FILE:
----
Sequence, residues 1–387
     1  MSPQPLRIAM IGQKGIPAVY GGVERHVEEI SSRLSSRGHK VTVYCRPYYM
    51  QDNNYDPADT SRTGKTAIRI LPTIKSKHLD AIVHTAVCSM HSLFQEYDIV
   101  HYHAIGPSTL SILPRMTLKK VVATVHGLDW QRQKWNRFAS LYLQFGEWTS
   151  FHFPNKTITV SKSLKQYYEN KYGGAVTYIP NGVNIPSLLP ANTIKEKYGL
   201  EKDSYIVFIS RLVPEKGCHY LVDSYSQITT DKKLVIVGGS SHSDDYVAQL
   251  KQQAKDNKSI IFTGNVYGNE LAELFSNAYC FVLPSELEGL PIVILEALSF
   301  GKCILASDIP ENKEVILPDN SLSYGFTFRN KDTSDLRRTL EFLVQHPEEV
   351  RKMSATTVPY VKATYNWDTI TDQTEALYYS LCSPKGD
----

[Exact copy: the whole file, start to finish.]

Sequence, residues 1–387
     1  MSPQPLRIAM IGQKGIPAVY GGVERHVEEI SSRLSSRGHK VTVYCRPYYM
    51  QDNNYDPADT SRTGKTAIRI LPTIKSKHLD AIVHTAVCSM HSLFQEYDIV
   101  HYHAIGPSTL SILPRMTLKK VVATVHGLDW QRQKWNRFAS LYLQFGEWTS
   151  FHFPNKTITV SKSLKQYYEN KYGGAVTYIP NGVNIPSLLP ANTIKEKYGL
   201  EKDSYIVFIS RLVPEKGCHY LVDSYSQITT DKKLVIVGGS SHSDDYVAQL
   251  KQQAKDNKSI IFTGNVYGNE LAELFSNAYC FVLPSELEGL PIVILEALSF
   301  GKCILASDIP ENKEVILPDN SLSYGFTFRN KDTSDLRRTL EFLVQHPEEV
   351  RKMSATTVPY VKATYNWDTI TDQTEALYYS LCSPKGD